our environment, the earth, and its inhabitants, we will die and its musical gift along with us.  This is why the Indians of the Andes did not have a
word to designate music, because humans did not own it and because it was all a minimalist and an encompassing element of their everyday

  • The Zampoña or Andean panpipe

The Zampoña [Sahm-póhn-yah] is a generic term for a large family of double rowed panpipes native to the South American Andean
regions, each consisting of a collection of two separate groups of thin walled bamboo tubes strapped together into two rows with a cross-beam. 
In their most indigenous form, they are usually tied with llama wool in a manner similar to Eastern European Pan-pipes.  Each set of pipes can
be played either by two persons or held together and be performed by one. To play a scale the single player must jump between both rows,
as one single row will not contain a whole scale. Zampoñas are called Antara in Quechua (among the Quechua people) and sikus in Aymara
(among the Aymara people).  Its two halves are known as IRA or leader -the row with six pipes-, and ARCA or follower –the row with seven
pipes.  The Zampoña family ranges in sizes from the tiny Chuli (about 4.5’’) to the six-foot long Toyos.  Other members of the Zampoña family
employ various sizing to produce different tuning arrangements.  These include: Maltas, Zankas, Bastos, Toyos and Semitoyos (in Bolivia-Peru),
Antaras (in Peru) and Rondadores and Payas (in Ecuador). The wide array of chosen names is in accordance with the instruments’ regions of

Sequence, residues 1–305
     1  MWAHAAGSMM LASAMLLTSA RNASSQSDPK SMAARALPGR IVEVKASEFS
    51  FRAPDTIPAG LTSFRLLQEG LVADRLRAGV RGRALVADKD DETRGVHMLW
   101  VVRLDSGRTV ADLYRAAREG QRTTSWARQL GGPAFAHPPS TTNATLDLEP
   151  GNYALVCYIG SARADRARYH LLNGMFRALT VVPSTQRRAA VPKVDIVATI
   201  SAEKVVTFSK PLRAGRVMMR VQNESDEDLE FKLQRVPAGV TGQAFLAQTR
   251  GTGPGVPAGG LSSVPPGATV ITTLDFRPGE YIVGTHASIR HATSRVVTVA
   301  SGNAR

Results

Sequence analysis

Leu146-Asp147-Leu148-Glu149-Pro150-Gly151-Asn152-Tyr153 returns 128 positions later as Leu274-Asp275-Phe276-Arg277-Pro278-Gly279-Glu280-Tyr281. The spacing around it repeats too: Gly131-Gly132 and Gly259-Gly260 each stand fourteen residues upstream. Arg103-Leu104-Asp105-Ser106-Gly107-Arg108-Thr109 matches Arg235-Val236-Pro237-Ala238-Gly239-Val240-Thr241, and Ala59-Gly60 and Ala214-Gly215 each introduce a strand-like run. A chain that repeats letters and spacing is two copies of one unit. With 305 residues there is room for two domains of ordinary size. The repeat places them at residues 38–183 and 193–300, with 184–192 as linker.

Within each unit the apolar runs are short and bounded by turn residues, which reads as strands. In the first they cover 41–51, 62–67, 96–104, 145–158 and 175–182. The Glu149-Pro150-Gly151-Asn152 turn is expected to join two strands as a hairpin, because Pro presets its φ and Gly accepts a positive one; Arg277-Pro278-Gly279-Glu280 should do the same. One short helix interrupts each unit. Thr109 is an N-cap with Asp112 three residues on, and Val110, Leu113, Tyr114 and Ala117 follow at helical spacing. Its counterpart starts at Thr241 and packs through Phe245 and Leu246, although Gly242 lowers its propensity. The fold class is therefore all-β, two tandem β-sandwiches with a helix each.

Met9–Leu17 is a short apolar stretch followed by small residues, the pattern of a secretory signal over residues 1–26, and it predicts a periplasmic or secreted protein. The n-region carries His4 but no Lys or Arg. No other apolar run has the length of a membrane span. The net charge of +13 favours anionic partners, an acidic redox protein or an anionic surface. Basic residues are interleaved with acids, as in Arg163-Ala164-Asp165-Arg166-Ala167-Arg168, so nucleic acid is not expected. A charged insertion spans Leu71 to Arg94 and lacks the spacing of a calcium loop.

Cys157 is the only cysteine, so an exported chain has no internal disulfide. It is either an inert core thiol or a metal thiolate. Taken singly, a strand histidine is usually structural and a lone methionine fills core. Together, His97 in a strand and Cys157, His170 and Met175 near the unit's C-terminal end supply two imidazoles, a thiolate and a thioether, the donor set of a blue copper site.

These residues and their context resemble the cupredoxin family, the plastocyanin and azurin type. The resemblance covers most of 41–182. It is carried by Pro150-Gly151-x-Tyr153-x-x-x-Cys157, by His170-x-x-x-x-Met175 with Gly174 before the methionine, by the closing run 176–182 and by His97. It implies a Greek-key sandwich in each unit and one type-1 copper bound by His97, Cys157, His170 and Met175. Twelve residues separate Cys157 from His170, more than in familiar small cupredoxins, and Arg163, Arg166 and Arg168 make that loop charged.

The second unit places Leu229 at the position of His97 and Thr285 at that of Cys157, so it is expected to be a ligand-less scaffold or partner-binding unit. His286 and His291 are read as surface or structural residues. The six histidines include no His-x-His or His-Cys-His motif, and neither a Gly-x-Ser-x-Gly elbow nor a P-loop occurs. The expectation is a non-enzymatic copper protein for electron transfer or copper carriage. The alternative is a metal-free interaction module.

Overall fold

provenance.  Some of the above named panpipes are single rowed such as the Antara, the Rondador and the Paya. 

Traditionally, two individuals divide the Zampoñas into its two separate rows of pipes IRA and ARCA.  Thus, one player alone does
not have the whole scale.  While one of the players is “breathing” the other player is playing and vice versa.  A great degree of synchronization
is required of the players to successfully accomplish this activity, which is known as jjaktasina irampi arcampi, in Aymara language or “being
in agreement between the IRA and the ARCA”.  The typical band or troupe of zampoñeros consists of twelve to sixty panpipe players, a bombo
and two snare drums.  The troupe divides into two equal groups of people.  They then separate the instruments into their two rows.  Songs are
performed in this manner by alternating the notes according to the pipes included in the row which they may be holding, producing a kind of
“stereo effect”. 

The Andean Indians probably devised the playing of the instrument in this fashion due to the high elevations of the Andean Mountains
in which they reside (at an average of 12,000 feet).  At such extreme altitudes, where the air is “very thin” (low concentration of oxygen), a
single player could rapidly hyperventilate and get quite dizzy while playing the instrument.  Aside from the practical rationale, the division of
playing between two players also correlates with the values of the Indian societies. For the inhabitants of the Altiplano, every aspect of life
and existence is defined by a communal attitude.  Thus, their music is also a group activity.  Since the Indians conceptualize music as a group
activity, the idea of a soloist is completely alien to them. This is still another manifestation of their community-based society.  In such a rugged
environment, the sense of community is absolutely integral to the concept of survival.

  • Some Conceptual Notes

The Zampoña is the oldest of the South American indigenous flutes. It is believed that as early as 5000 years ago this instrument was made out